Undergraduate Industrial Design Students Construct 3D Printers

November 4, 2014
3D Printer

Last spring, two teams of sophomore industrial design students designed and assembled two 3D printers. The teams had the opportunity to build the printers through the Department of Design, in an industrial design class taught by Professor Roozbeh Valamanesh. The rising popularity and increasing demand for 3D printing technology encouraged the development of this innovative project, supported by the department and the Advanced Computing Center for the Arts and Design (ACCAD)

To construct the printers, the students used 3D design modeling software and imported the firmware into the printer. Although the machine is not as complicated as it might seem, there are many individual parts that make printing possible. The teams spent nearly two months in class researching, designing, building and modifying the printers to function properly.

“The coolest thing was when it started working,” says sophomore team member Emily Stokes.

Industrial Design students pose with their 3D printers.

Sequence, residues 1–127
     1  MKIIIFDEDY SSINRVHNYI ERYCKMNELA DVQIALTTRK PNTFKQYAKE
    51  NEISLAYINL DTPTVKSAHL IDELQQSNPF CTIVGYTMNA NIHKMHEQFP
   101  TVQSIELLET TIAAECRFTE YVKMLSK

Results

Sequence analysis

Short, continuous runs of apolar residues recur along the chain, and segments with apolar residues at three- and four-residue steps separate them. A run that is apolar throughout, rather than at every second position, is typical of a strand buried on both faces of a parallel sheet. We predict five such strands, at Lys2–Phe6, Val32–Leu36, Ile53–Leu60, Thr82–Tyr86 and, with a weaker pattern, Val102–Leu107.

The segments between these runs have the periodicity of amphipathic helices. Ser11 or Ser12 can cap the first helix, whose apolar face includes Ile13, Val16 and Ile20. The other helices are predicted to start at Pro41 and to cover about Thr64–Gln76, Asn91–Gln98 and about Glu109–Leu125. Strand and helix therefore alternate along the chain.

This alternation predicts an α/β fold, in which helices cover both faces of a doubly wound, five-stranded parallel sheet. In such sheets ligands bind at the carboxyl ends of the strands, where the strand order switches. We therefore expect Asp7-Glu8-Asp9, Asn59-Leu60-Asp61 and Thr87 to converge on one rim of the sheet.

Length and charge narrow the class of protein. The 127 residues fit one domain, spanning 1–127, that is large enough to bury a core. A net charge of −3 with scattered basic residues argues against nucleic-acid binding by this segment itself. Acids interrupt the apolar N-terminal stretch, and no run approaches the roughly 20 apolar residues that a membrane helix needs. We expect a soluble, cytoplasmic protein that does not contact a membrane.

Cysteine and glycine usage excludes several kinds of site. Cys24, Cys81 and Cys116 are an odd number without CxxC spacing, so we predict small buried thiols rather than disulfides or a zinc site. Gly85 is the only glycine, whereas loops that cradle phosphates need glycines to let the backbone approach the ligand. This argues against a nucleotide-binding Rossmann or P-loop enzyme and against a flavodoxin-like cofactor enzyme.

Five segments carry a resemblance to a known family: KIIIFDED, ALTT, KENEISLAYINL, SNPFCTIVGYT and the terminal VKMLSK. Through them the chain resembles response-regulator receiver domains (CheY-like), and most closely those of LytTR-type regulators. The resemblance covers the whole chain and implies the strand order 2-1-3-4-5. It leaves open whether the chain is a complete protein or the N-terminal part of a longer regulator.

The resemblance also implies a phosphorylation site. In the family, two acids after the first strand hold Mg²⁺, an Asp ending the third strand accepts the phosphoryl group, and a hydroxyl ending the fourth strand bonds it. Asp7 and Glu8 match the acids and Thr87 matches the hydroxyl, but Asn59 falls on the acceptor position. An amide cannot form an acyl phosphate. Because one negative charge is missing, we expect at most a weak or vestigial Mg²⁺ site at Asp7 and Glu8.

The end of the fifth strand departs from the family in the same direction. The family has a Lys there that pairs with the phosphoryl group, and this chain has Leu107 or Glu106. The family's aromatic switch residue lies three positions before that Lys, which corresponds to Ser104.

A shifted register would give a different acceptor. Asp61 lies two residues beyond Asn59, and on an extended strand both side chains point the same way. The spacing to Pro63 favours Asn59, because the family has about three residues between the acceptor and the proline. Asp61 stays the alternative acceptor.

Thanks to their design, the printers are able to accept any virtual 3D project from any software. The printer builds the model object using a biodegradable starch material called PLA (polylactic acid), which is wound into a thin wire-like coil and thread through a heating apparatus where it is dispensed onto a platform. The 3D printers work on three axes: the x axis, y axis and then the z axis to build up the layers of the 3D object. The software slices the model into thin layers and the printer builds the object one layer of PLA at a time, until the object is complete.

The interesting thing about these printers is their “self-replicating” nature according to Valamanesh. Approximately 40 percent of the parts needed to make the department’s two printers were created by a printer acquired last year. The two printers created this year will be used to create the parts needed to construct printers next year, and so on, creating a network of printers for students in the Department of Design. The printers will have a “parent-child” relationship with one another, and in the future, Valamanesh aims to create a family tree of 3D printers.

The 3D printing project was made possible by funding from ACCAD; Valamanesh hopes to continue the project every year.

By Molly Kime, ASC Communications